Shoes (made from feathers and human hair); Arrernte people, Australia
Midway through the year, I go south to visit my father, to witness birth. With video camera in hand, I capture my contracting stepmother on the front lawn overlooking the St. Lawrence River. In great joyful upheaval, she cries, “it’s a boy!” as the body emerges. 

Ku-ring-gai_Chase - petroglyph, via Waratah Track (Rock is triassic Hawkesbury Sandstone, 220 million years of age)
That night, sitting lone by the coal-burning fire, I am visited by a presence. A naked Indian, greeting me with the power of a thousand friendships, unites in my melodrama with healing insight. He teaches me the power of the directions, North and South. The cold childless North of human danger and the impenetrable forces of nature, and the warm South of youthful diversion in the over-ritualized haunt of abundant fires. He reaches out to me, to plead with him for the stars to answer in earthly illumination. While with eyes closed, he recounts the bitter tales of repatriation, colonization and the staggering visions of post-genocide rehabilitation, for the entire world. And I wake, alone. The sun, directly overhead in a cloudless sky, is in full eclipse.
A presence belied in the soft air aglow with diligent drizzle
         From this, our American lighthouse heaven,
                 Alit with dream
                 in stories told by great-grandmother’s
                          Life lived outside the pages of the “true”
                                      And into the truly earth-quaking
                                      of dream
Men whose throats burn with the soil of their unloved mother
        Croaking up agro-fossil drains
                Reaching from modern skylines to prehistory,
                issuing from our Christ-death
In the housed mystery of our yet undiscovered world
        Beneath each colonial home
                Shot out of the ugly worldview
                        Misplaced over the moral genealogy

In an ecological philosophy
        To dry the eyes of our spectral hosts
               Who watch and wonder
                        With still unborn eyes

- excerpt from "With Still Unborn Eyes"

Monday, 24 September 2012

Persian Mysteries and the Immortality Rites of Zoroaster

Tower of Silence (Dakhma), Mumbai by Cornelius Brown
“…never age and never die, never decay and never rot, ever living and increasing, being master of its own wish: when the dead will rise, life and immortality come, and the world be restored to its wish.” 

Yasht 19.2.11. James Darmesteter, The Zend-Avesta, Part II, The Sirozahs,Yashts and Nyayis; Sacred Books of the East, Vol. XXIII (Oxford, 1883), p.290

It is 12th century Persia, the continental-temporal mirror image of 21st century Canada. After a lesson on the estate, I a youth of educable age, begin to row across a placid lake with my father. The day is warm, with cool breezes flushing our skin in a mixed haze of natural praise and remorse for the end days of summering. My father, a muscular, bearded intimidation of manhood, speaks with the grazing lurch of intense commanding. As we row, in separate crafts, the waters turn rapid. In that moment, he begins testing me on my learned material.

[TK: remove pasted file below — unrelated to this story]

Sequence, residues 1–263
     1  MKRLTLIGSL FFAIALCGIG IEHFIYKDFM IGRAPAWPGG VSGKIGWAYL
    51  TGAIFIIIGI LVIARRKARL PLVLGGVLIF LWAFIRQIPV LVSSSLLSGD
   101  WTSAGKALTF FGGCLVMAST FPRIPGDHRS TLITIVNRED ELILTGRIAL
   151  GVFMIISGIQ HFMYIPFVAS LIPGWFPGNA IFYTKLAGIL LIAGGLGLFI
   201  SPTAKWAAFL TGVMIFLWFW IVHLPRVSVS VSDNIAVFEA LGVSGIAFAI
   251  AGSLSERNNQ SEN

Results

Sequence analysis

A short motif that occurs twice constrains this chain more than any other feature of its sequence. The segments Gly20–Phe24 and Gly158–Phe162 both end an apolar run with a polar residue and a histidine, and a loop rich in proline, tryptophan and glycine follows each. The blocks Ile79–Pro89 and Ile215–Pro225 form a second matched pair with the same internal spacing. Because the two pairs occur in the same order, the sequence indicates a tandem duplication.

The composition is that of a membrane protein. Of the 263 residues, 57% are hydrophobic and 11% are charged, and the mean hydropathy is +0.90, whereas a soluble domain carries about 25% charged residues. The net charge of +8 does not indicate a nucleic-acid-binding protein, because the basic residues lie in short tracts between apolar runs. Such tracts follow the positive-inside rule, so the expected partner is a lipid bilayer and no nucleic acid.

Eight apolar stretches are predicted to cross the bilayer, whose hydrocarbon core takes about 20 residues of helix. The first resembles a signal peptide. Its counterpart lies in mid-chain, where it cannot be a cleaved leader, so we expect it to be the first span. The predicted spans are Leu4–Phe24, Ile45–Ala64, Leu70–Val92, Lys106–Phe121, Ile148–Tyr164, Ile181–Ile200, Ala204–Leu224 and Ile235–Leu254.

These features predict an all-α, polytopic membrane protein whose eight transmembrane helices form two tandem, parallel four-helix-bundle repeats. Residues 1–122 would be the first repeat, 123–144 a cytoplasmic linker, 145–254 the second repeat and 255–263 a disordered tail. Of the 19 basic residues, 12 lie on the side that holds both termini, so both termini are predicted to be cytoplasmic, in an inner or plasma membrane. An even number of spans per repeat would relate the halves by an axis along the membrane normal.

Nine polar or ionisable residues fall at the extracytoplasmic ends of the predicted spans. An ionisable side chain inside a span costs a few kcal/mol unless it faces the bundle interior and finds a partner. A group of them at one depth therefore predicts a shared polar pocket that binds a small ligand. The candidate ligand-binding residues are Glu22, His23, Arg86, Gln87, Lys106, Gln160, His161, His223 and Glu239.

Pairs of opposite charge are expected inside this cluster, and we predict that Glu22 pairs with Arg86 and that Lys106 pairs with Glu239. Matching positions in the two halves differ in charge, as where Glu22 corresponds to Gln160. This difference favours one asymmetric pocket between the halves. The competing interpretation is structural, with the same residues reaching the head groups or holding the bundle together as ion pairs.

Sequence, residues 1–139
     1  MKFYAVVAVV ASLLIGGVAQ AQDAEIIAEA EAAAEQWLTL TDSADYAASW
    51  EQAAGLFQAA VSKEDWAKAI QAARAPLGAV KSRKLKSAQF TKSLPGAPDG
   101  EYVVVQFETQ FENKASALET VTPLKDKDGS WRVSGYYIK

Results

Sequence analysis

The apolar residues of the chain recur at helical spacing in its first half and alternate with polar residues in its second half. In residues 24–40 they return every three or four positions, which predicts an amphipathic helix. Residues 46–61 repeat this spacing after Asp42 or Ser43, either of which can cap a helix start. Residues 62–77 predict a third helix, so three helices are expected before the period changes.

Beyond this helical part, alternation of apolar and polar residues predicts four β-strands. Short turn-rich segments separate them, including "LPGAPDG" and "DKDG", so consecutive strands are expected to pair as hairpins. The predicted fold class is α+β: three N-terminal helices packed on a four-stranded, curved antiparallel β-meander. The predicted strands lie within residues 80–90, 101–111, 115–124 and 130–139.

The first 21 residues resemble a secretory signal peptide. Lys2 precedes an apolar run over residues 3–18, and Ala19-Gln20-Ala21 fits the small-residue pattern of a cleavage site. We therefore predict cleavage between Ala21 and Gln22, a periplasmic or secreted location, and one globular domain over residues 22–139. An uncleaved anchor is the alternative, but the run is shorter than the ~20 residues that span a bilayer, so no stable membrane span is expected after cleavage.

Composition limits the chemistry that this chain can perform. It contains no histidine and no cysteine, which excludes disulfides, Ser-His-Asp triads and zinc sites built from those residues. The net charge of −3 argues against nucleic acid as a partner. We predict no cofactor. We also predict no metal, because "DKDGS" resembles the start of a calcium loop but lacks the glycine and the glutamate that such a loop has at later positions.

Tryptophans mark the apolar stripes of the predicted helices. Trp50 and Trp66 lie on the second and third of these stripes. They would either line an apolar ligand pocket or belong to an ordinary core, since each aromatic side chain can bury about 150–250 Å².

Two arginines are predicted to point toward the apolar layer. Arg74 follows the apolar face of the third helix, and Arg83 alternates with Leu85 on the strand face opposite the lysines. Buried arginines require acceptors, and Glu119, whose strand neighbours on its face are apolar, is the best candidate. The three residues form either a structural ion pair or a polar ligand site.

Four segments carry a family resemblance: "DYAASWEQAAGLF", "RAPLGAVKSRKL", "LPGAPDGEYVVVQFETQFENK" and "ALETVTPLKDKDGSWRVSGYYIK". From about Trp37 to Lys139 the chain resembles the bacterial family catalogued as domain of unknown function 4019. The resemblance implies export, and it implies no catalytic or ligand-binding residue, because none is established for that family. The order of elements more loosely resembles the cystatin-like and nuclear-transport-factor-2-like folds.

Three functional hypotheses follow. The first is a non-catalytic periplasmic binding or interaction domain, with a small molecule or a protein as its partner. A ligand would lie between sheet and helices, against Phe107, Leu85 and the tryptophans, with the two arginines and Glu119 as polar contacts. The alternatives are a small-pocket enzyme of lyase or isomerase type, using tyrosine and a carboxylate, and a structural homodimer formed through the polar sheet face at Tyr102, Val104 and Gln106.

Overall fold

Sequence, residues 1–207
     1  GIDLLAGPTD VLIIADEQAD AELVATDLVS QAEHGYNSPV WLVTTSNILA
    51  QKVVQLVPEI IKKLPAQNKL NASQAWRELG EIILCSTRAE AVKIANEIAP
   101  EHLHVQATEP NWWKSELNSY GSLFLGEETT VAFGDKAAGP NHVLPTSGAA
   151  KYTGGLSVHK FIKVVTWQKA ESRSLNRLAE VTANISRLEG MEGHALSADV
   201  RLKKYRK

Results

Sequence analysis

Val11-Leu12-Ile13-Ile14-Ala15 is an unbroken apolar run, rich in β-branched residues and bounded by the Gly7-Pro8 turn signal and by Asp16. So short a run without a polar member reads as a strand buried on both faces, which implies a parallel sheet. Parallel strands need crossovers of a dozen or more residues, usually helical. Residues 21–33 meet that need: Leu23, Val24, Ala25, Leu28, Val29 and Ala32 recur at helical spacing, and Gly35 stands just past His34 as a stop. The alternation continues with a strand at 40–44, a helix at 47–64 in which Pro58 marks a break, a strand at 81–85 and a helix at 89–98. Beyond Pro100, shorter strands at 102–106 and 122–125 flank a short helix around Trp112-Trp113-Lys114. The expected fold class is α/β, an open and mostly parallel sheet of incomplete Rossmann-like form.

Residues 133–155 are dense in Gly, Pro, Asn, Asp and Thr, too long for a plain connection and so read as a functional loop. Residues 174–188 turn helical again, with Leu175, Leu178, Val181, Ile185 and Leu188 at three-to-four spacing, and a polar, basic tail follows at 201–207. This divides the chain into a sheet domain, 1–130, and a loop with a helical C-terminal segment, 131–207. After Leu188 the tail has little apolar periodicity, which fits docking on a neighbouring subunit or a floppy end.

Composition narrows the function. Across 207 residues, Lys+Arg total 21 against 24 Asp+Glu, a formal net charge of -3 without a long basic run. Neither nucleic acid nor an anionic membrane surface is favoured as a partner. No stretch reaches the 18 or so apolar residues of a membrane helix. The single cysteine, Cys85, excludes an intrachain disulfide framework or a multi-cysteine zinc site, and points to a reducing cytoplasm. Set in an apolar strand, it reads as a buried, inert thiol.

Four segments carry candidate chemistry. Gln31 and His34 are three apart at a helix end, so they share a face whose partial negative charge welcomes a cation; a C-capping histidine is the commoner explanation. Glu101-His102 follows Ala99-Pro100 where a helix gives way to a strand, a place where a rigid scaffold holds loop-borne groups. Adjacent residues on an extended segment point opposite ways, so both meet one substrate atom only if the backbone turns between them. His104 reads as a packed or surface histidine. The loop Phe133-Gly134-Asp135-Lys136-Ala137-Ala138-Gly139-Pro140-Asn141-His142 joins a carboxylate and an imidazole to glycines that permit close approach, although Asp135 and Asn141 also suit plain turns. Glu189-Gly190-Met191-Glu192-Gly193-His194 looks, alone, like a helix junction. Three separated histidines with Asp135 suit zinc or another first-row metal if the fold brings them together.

The oral literature of the day is mind-bending and terse in its memorable strings of morality, geography and spirituality. I’m able to recall various characters and events, and as I extrapolate, the waters toss and turn unexpectedly. At my wavering voice, my father’s eyes brim with the frosted fire of dark Persian mirth. Yet, as soon as I veer into future’s allusions, spouting the literary names and waves of later centuries unheard, a fire burns in his eyes of serious intent to quiet my youth’s wandering. As he reaches out to grab me into his craft and row back ashore to the consistent presence of historic symmetry, we are both swallowed by the apparition of a waterfall along the other shore, pouring us downward with the turbulent waters in a vein of undone chronology and placeless imagination. 

World According to Avesta by Orijentolog
I call out the names of literary history upwards along the upended future. Until the 21st century’s own dawning, my mind, feckless among the archaic forms of Iranianization, is unceasing in its deliberations on the foreshadowed youth of humanity. I turn and writhe with ancestral might into the sheer unknowable mists. My father has since disappeared, and in that silence I begin to know my name.  
Driving out demons with Masonic symbology
         Over the infinite sands of civilization,
         breathed and created out of time
In the sun’s ravishing corner of a universe,
         un-tempted and forever at a loss
                Between the child’s two eyes
On death and the holocaust of our forsaken government
         Laughing at the trees’ roots

When stretched to the bottom of India’s or Africa’s wells
         Ousting up the belief in life as a drunken tragedy
                              Yet, be not humourless
                              nor without comic sophistry

In the dance and song
         Come alive by the sexual majesty
                              In theatre’s delicate ways,